West Auckland Town Can Make More History In FA Vase Final

NEXT to their two World Cups there is a space in West Auckland Town’s trophy cabinet the FA Vase would fit in quite nicely.

In 1909 West, representing England, won the Thomas Lipton Trophy – a competition between the leading clubs of Europe – by beating Swiss side FC Winterthur.

Just two years later they won it again by beating Italian giants Juventus.

It’s an honour the Northern League club are rightly proud of and display it with pride on their badge.

How they’d love to write FA Vase winners into their illustrious history – and having disappointed two years ago in the final against Dunston UTS, manager Peter Dixon wants to make amends.

“It’s a great club, it has a unique history,” said Dixon, whose side lost 2-0 to league rivals Dunston in 2012. “It would be nice to re-write history in terms of adding an FA Vase to it. This will be the third time we’ve been to Wembley – once two seasons’ ago and they came in the 50s in the Amateur Cup and got beat. Hopefully we can put that right this time.”

Dixon is consciously changing the build-up to the big day this year. Instead of leaving their first glimpse of Wembley’s iconic arch to the day, this time they will come before to take pictures and soak up the surroundings.

Not that all their preparations have been smooth. Dixon admits he has a chip on his shoulder the Northern League forced them to play Monday-Tuesday-Wednesday-Friday in the week just gone when Spennymoor were allowed to play seven games after their win last season.

Should they beat Sholing on Saturday they will stretch the Northern League’s stranglehold on the competition to a sixth year in a row.

Dixon is more worried about doing it for his club as well as disposing of their nearly men tag.

“I was only ever a Sunday morning player,” Dixon said. “The highest level I played was for the County when I was 16. I fell out of love with football and put loads of weight on.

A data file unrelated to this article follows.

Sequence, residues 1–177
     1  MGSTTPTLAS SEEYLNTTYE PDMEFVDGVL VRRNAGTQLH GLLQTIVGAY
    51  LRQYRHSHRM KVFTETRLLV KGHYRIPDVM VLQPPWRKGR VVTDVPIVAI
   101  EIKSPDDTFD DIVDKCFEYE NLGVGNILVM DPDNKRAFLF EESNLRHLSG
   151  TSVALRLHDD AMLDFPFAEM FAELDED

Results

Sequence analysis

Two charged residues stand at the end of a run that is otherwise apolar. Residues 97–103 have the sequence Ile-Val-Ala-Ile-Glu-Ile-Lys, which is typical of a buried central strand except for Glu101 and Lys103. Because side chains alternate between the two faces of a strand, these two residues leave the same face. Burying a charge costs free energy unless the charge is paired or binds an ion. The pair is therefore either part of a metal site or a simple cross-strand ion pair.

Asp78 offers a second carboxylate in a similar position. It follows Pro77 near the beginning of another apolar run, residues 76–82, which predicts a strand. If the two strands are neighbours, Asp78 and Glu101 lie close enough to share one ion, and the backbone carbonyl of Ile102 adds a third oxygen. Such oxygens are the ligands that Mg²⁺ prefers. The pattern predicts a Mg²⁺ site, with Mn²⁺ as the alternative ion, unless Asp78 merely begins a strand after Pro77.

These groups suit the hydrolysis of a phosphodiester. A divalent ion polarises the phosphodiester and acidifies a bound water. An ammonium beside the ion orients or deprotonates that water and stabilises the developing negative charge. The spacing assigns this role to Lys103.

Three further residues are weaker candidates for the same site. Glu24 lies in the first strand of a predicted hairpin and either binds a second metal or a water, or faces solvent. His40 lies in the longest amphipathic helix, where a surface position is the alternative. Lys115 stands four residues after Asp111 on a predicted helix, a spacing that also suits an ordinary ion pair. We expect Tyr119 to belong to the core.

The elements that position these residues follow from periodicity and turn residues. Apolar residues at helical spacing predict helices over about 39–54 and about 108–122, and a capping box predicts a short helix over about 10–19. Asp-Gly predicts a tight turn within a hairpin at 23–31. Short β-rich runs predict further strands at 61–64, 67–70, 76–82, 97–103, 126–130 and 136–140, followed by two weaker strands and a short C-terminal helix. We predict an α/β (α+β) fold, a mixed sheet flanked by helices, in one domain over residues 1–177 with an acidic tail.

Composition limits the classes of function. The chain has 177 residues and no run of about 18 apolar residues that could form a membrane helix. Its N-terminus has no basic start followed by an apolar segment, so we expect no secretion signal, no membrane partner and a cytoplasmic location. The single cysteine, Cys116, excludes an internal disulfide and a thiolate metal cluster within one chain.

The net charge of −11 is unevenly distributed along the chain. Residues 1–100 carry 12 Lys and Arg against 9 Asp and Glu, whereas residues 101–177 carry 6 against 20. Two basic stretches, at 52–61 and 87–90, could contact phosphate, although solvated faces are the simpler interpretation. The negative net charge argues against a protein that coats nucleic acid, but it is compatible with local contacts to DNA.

“I started off managing the Foresters Arms and I worked my way through the leagues. I’ve managed at every level and been successful really but this is the pinnacle.

“It’s almost like it’s written in the stars. My forte is man-management. I’ve got good people around me like my assistant Paul Foster and my coach Craig McRobie. They are a massive help.

“Foz and I have got an in-built filter where people who aren’t here for the right reasons don’t last very long.

“The dressing room is an unbelievable place to be. It’s conducive to football and conducive to togetherness. And we’ve got a real win at all costs attitude – which isn’t everyone’s cup of tea by the way. There’s a school of thought it’s about taking part. I don’t subscribe to that, it’s about winning games.

“What we’ve achieved without winning any silverware is unbelievable. Someone said to me, ‘You can’t lose at Wembley, you can only be a runner-up’.

“It’s probably true because we had a great weekend last time even though we got beat. But it would be great to go one better.”

*This article first appeared in The Non-League Paper on Sunday, May 4

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